Ooops, typo, panniers I mean. Top 11 things to consider before purchasing panniers.
Another touchy point, POVs are a lot more diverse than the options available…. Here’s an analysis of top 11 things to consider:
While the broad options are soft and hard, there are some more categorisations possible, all options fall into one or the other of the 5 options below.
|Leather||Aluminium / metallic|
|Canvas (or similar no-so-waterproof material)|
The top 3 are some references for soft and the bottom two for the hard cases
I talked to a few adventure tourers for their opinion, (yes, yes, it was convenience sampling, topped up with my bias :D) and have put up the initial summary here. Would request you all to share your opinion as well in the comments below.
Here are the top 11 things to consider amongst a multitude of others:
- Security: Is it lockable? Is it safe from “slash-and-dash” kind of stealing?
- Rigidity: How rigidly is the pannier fixed on to the bike? Will it last the bumps and grinds of an off-road jaunt (or for that matter our pothole ridden roads)?
- Repairability: Can it be easily be repaired or fixed in case of minor problems?
- Convenience: Can it be left overnight on the bike without supervision? Also, are they modular, adding/removing parts or compartments to suit your needs?
- Weatherproof: Is it waterproof and dustproof, or do you have to get waterproof liners?
- Weight: How much does it weigh, and more importantly how significantly does it alter the centre-of-gravity of the bike?
- Size: How much does it add to the width of the bike? How much weight can they carry?
- Cost: How much does it cost? And the cost of repairs? In in some cases, will it damage the bike in case of falls, and the cost there-of?
- Life: How long is it likely to last?
- Personalisation & looks: How cool does it look and how amenable is it to personalisation (either cosmetic or functionally)?
- Universal v/s custom made for a bike: Some of the panniers need bike specific mounts and brackets to fix the custom made panniers for each bike, yet other are universal and can fit any bike.
Now to my experiences with the 5 options and how they fare on the 11 points above:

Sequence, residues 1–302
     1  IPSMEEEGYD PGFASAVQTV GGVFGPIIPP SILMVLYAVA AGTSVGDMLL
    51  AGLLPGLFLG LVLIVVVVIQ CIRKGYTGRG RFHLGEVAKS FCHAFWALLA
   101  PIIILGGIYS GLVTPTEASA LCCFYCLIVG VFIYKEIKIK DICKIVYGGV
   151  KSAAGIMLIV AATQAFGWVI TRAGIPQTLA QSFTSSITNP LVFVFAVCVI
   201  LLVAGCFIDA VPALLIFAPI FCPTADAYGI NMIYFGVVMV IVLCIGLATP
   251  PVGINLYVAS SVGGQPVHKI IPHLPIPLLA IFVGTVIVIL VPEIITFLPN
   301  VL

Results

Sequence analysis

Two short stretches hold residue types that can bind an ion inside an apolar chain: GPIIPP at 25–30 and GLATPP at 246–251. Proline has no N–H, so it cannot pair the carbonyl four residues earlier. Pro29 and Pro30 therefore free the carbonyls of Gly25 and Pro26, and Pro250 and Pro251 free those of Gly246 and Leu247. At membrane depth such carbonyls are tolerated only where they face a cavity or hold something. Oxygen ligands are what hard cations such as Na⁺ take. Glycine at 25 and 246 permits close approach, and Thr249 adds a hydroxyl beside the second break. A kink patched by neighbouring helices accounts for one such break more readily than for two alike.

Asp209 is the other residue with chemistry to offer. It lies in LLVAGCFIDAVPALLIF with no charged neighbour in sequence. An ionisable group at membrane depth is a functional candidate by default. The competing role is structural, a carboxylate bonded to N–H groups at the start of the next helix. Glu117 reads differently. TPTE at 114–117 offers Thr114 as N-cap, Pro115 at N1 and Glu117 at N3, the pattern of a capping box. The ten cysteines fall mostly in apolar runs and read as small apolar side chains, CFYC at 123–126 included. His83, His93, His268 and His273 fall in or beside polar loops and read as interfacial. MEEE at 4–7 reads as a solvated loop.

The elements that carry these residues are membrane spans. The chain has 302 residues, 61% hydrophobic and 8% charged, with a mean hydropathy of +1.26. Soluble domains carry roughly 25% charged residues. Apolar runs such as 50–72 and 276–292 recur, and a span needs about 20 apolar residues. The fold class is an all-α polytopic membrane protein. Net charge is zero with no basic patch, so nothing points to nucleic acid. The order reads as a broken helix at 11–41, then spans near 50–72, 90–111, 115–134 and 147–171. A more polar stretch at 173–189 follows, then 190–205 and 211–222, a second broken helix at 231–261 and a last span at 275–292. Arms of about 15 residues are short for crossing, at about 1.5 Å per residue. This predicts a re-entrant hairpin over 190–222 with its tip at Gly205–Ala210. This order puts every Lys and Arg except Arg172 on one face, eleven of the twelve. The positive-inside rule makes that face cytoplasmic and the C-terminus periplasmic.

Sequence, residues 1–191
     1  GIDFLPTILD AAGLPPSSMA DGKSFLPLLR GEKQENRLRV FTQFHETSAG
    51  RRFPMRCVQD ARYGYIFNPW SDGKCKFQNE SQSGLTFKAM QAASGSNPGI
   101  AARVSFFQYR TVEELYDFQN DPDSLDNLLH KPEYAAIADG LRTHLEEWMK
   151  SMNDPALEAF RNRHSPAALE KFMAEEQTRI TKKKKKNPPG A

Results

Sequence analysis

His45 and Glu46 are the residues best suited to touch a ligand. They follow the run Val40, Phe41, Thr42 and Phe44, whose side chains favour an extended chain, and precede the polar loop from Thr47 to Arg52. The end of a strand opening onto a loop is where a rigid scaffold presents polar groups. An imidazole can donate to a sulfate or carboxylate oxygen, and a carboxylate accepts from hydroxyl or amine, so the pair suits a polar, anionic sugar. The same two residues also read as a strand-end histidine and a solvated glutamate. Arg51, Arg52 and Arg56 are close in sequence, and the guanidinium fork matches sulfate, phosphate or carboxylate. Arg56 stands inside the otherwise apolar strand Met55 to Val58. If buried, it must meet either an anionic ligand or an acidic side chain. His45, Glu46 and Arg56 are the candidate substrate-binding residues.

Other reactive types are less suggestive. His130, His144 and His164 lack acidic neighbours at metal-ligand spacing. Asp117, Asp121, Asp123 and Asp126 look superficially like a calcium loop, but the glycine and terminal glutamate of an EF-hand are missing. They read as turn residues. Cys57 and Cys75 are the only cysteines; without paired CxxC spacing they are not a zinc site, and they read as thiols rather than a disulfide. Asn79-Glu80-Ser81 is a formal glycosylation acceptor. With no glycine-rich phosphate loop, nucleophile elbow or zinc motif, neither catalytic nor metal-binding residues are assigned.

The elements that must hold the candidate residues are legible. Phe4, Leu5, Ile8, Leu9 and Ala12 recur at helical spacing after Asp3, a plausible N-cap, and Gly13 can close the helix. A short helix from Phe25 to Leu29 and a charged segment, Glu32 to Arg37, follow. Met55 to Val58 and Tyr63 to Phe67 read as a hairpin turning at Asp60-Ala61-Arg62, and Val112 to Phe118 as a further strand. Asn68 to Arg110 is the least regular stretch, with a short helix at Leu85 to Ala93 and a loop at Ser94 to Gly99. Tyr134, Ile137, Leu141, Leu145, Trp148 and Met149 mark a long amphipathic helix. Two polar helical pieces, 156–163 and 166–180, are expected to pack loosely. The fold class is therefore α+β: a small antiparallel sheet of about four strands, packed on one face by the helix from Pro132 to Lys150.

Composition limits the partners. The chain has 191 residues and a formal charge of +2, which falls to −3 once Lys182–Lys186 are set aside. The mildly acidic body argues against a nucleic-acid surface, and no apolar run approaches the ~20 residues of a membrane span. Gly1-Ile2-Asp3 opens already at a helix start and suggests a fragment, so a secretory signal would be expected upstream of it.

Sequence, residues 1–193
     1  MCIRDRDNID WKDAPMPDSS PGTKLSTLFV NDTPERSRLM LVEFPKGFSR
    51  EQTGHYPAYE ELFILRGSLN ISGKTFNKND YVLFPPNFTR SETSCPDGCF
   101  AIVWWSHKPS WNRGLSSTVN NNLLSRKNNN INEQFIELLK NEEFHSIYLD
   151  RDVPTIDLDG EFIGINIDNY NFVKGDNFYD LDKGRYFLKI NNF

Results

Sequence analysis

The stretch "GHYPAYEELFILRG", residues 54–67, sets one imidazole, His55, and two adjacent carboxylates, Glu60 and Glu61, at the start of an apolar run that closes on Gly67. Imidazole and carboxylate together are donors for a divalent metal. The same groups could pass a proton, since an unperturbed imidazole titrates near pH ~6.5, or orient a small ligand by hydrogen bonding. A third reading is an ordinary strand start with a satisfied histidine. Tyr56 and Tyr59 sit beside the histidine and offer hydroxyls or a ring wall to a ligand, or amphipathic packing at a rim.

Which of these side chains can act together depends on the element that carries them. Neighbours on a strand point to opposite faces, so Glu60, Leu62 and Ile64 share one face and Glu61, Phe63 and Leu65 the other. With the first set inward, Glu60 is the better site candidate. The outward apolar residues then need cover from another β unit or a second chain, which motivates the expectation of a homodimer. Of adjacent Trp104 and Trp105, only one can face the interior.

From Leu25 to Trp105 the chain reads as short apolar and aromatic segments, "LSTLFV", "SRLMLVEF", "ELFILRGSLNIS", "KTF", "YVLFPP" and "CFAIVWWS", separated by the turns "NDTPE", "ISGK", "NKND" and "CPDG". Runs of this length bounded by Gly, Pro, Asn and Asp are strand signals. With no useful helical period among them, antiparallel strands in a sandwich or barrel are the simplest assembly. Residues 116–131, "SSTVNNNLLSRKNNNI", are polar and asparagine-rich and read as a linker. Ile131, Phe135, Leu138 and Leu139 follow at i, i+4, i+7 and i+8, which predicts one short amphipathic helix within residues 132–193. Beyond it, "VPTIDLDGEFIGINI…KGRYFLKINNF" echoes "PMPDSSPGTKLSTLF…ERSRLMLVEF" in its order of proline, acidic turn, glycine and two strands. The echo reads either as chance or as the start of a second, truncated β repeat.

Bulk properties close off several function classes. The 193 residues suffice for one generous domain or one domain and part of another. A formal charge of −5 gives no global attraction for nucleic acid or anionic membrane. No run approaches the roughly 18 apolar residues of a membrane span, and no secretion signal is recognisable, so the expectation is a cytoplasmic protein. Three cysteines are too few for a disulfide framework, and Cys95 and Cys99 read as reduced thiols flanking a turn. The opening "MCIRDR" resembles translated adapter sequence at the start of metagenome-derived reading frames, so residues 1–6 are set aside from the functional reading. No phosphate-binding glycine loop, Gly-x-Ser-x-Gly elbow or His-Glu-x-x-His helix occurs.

Leather Panniers: These look really classy, especially on the REs, the modern classics and most cruisers. They have the old-world charm about them and the smell of leather just adds to the whole experience. Usually, they do not offer too much of storage capacity. But they are not what one might call cheap and are not waterproof either. The contents are not usually safe enough to leave unsupervised. They are available as permeant fixture or as detachable ones, depending on the model. Finally they do not add too much to the bulk or width of the bike. Overall more for cosmetic purposes, not for hardcore, all weather and all terrain cruising. These usually are not universal, more so for the modern classics and cruisers.
Soft weatherproof panniers: There are a gazzilion options available on this genre of panniers from the very small to very large, not so expensive to the very expensive, direct mount on any bike to requirement of frames to mount, standard to modular flexibility. These are amongst also the most versatile of the lot, giving you modularity and flexibility (or not depending on the ones you choose) to carry stuff the way you want it wherever you may choose to. They tend to have a pretty long life and best part, no matter how old, you will never get creaks or rattle out of these panniers. The only thing that you need to look out for is the clearance from your mufflers. This would determine how big a pannier you can use and if there needs to be a frame to keep the panniers from fouling with the exhaust or wheel.